A tattered, ragged sound, like that of a flag whipping about on a frozen February morning, opens “Auberge Le Mouton Noir” on a blustery note. Against that stark backdrop, a lone guitar rings out, playing a roughhewn melody that is one of the most evocative things the band has recorded to date. From that sparse melody, the band continues to pick up steam until they’re tearing through the track with wild abandon. The instruments sound like they’re practically tripping over themselves until they run headlong into the song’s original melody, which brings it all to a nice conclusion.

That tattered sound reappears, leading into “Outer Inner & Secret“ s tentative beginnings. But the hypnotic bassline and fluttering electronic textures can’t hold back the group’s jam forever. The song crests once, twice, and thrice before it comes crashing down in a collision of staccato guitars, inexorable drumming, and weeping horns and feedback. Out of this wreckage emerges a religious beauty rivaling anything on A Silver Mt. Zion’s albums, as slivers of guitar feedback and strings scud across a fiery sky as the drums thrash about far below.

“Jazz” has always been thrown out to describe Do Make Say Think’s sound, but that term has never felt more appropriate than with “Ontario Plates.” Beginning with another one of the group’s most delicate passages to date, layers of wistful horns weave and drift in an impressionistic manner reminiscent of Supersilent’s 6. As the song progresses, the light pitter-patter of drums grows more insistent, and the song begins an elliptical descent given shape by the emerging bassline. The song manages to remain aloft and drift for a few seconds more, before gravity takes over and it strikes the ground with the sound of crashing drums and tortured horns.

If you pay attention to the album, you’ll notice a pattern emerging. The album’s 9 tracks can be divided into 3 groups of 3 songs, with each trinity consisting of two longer pieces sandwiching a short filler track. But unlike most bands who employ ambient segues, Do Make Say Think invest enough beauty into their “filler” tracks that they hold some of the album’s most intriguing sonics. The surreal swirl of strings and delicate things on “War On Want” and “107 Reasons Why“ s doleful progression of guitars, dulcimer, and horns are certainly lovely in their own right.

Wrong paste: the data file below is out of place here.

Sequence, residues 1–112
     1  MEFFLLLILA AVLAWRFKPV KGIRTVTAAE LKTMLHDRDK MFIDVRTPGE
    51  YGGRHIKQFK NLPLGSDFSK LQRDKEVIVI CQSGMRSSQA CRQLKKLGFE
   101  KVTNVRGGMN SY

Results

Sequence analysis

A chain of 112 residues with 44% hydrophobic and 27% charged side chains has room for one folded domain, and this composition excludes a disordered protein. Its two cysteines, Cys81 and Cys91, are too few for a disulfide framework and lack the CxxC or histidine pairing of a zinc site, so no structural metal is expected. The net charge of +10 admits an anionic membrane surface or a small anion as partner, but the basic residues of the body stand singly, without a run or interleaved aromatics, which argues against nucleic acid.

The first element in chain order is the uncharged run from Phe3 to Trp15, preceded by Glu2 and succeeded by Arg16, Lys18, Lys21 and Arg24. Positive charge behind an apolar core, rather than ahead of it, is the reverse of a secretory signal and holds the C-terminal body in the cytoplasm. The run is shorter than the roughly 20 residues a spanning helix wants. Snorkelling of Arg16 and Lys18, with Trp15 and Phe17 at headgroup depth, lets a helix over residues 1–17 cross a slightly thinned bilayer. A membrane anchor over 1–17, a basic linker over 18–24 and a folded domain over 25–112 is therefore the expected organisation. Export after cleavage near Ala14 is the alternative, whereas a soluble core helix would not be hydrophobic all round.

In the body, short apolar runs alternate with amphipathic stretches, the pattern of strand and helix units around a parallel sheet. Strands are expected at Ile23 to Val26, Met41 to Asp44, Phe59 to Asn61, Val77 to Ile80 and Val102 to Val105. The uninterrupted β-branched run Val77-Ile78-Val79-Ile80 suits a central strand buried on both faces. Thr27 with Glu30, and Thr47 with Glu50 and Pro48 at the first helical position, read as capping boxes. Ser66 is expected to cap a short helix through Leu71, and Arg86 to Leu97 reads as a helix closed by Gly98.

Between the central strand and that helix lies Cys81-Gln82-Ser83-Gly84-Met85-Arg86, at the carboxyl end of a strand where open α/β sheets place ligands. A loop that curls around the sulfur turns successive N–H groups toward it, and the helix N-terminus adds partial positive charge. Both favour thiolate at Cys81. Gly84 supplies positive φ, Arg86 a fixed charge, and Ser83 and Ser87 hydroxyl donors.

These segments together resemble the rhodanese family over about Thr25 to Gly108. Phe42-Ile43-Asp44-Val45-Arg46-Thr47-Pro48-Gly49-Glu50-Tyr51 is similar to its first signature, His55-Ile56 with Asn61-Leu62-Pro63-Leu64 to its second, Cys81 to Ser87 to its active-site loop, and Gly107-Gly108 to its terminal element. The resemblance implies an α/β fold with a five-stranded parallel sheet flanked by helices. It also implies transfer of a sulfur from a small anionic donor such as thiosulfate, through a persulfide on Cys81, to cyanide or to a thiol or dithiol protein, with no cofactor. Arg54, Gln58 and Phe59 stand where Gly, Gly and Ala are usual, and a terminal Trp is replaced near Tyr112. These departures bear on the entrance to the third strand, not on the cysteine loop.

However, they pale when compared to “It’s Gonna Rain,” which reveals the ragged, gurgling sounds of “Auberge Le Mouton Noir” and “Outer Inner & Secret” to be the sound of rain pouring on a busy city street. On headphones, the depth of sound is amazing, with the sounds of traffic, human voices, and footsteps sounding ghostly and ephemeral amidst the crisp, sharp static of the downpour. But while your ears are captivated by that, the band continues to subtly sculpt the track, working in digital echoes of “Ontario Plates” until it develops a poignancy and tangibility quite unlike anything else in the band’s repertoire.

From this ghostly morass emerges the gentle sounds of “Hooray! Hooray! Hooray!,” all plucked acoustic guitars, fluttering electronics, sighing horns, and percolating rhythms. The title might be the single most accurate one I’ve heard all year, as the song ends in a celebratory burst of analog noodling, church organ, psychedelic lap steel, and a ghostly chorale to boot.

I’ve used many words to describe Do Make Say Think, but I never thought I’d use words like “happy,” “joyous,” and “content.” However, those are the only words that seem applicable here. And after making it through the dense, staggering terrain of the previous 45 minutes or so, the band has earned this respite, this blissfully loose jam that sounds like it was recorded off the cuff, probably as the last rays of the sunset came streaming into the band’s rural studio.

It seems only fitting that the last thing you hear on Winter Hymn Country Hymn Secret Hymn is someone saying “Let’s play it again.” Not because the band messed up and need to do another take, but because they got the song right and simply want to experience the joy of playing it one more time.

In my limited band experiences, there were moments, after a song was done and the sounds had faded away, when you were just left staring at each other with rather dumbfounded looks on your faces. Somehow all of the pieces fell into place and something happened, though you weren’t exactly sure just what. And all you wanted to do was play it again, to be back in that moment, trying to recapture whatever it was that just took place between you. This album emerges from just such a place, and having heard it, I can’t blame the band for wanting to experience it all over again.